Lynn Novick has been directing and producing landmark documentary films about American life and culture, history, politics, sports, art, architecture, literature, and music for more than 30 years. The 80 hours of acclaimed PBS programming she has created in collaboration with Ken Burns include The Vietnam War, Baseball, Jazz, Frank Lloyd Wright, The War, and Prohibition. These landmark series have garnered 19 Emmy nominations. Lynn herself has received Emmy, Peabody, and Alfred I. duPont-Columbia Awards.


College behind Bars, Lynn's first film as a solo director, premiered at the New York Film Festival and aired on PBS in 2019. The four-part series immerses viewers in the inspiring and transformational journey of a small group of incarcerated men and women serving time for serious crimes, as they try to earn college degrees in one of the most rigorous prison education programs in America β€” the Bard Prison Initiative (BPI).


Lynn's latest series alongside Ken Burns, The U.S. and the Holocaust, explores the US knowledge of and responds to the Jewish Holocaust, the greatest humanitarian crisis of the twentieth century. It's now streaming on PBS and premiering later this month in Jerusalem.


We spoke at the end of August 2022, and I was excited to talk to Lynn after watching her remarkable College Behind Bars series. I watched the series after listening to an interview she did with Sam Harris on his podcast, and it really floored me. It proved so eloquently and so simply the basic truth β€” that crime and poverty are more often than not the result of lack β€” lack of opportunity, lack of access, lack of information, and lack of belonging.


It shows the transformative power of education, opportunity, respect, and high expectations, even on people convicted of violent crimes. And in that way it very subtly but powerfully condemns the system that doesn't provide such opportunities.


It was wonderful to chat with Lynn, learn about her life in documentary making, and hear about her experience behind the scenes making College Behind Bars and her continued engagement with the students in the film long after the filming.




In this conversation we talk about:

  • The US and the Holocaust documentary, and the antisemitism, xenophobia and nativism, and the rejection of Jewish refugees during the Holocaust.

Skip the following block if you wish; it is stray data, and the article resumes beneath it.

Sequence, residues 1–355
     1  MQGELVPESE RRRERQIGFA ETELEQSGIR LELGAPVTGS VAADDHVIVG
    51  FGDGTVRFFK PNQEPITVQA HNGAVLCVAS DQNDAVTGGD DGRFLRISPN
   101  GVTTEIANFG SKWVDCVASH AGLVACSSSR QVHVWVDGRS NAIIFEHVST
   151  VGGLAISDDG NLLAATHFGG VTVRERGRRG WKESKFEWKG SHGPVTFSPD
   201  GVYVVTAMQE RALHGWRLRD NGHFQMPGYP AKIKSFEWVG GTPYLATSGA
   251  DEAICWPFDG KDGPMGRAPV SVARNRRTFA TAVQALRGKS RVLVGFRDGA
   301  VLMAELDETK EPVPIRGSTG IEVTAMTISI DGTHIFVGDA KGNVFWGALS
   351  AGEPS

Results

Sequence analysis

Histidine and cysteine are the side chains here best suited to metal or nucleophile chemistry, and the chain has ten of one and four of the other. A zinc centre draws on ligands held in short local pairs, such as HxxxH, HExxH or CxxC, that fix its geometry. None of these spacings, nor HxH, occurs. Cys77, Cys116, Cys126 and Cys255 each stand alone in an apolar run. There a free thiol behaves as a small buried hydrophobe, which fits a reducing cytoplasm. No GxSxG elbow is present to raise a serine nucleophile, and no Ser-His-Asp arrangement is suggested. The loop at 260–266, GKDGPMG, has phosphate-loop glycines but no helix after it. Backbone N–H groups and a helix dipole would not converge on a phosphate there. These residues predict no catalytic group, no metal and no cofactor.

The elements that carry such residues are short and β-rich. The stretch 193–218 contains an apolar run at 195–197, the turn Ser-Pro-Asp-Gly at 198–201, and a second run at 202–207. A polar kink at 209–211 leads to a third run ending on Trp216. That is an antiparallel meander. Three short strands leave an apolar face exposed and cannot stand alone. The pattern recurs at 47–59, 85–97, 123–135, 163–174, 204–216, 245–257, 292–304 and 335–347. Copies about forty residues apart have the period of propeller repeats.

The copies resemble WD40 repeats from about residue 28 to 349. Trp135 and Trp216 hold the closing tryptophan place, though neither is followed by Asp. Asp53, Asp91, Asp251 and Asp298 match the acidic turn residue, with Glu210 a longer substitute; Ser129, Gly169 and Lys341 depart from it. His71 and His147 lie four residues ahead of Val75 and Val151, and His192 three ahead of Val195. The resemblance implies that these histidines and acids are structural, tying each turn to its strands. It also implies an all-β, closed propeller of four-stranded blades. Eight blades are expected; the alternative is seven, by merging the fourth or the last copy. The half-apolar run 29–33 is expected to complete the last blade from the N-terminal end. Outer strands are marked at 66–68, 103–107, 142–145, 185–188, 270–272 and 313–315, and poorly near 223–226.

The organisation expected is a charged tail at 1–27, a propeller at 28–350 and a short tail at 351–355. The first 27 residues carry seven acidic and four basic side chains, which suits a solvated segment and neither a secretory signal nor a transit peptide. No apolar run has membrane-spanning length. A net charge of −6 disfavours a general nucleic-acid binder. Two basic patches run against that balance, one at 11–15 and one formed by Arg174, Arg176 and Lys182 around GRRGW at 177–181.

• How the Watergate crisis led her down the path to documentary filmmaking.
  • The power of documentaries to change views and bring truth to life.
  • The films she made alongside Ken Burns covering the Vietnam War, jazz, the architect Frank Lloyd Wright, and many others.
  • Her film, College Behind Bars, and the process of making it.
  • The Bard Prison Initiative and why it is so special.
  • The history of prison and education.
  • The power of education.
  • History of crime and punishment in the US.
  • And many other topics. 


Lynn goes deep into topic after topic in American life, and as a result she's a broad and fascinating thinker and speaker. Beyond the incredible power of College Behind Bars, what stayed with me is the power of documentary film to start us thinking and talking about complex topics, and in some cases, like with College Behind Bars, to affect a change in policy.


This conversation is one a dozen or so weekly conversations we already have lined up for you with thinkers, designers, makers, authors, entrepreneurs, and activists who are working to change our world for the better. So follow this podcast on your favorite podcast app, or head over to to subscribe.


And now, let's jump right in with Lynn Novick.




[5:52] Life in the Present

[7:17] The U.S. and the Holocaust

[14:55] History to the Masses

[18:28] Early Childhood Lessons

[21:47] A Journey to Film

[25:16] Frank Lloyd Wright

[28:27] Encapsulating America

[34:54] College Behind Bars

[40:00] The Bard Prison Initiative

[52:37] After Production

[54:19] Crime and Punishment in America

[1:01:35] A Short Sermon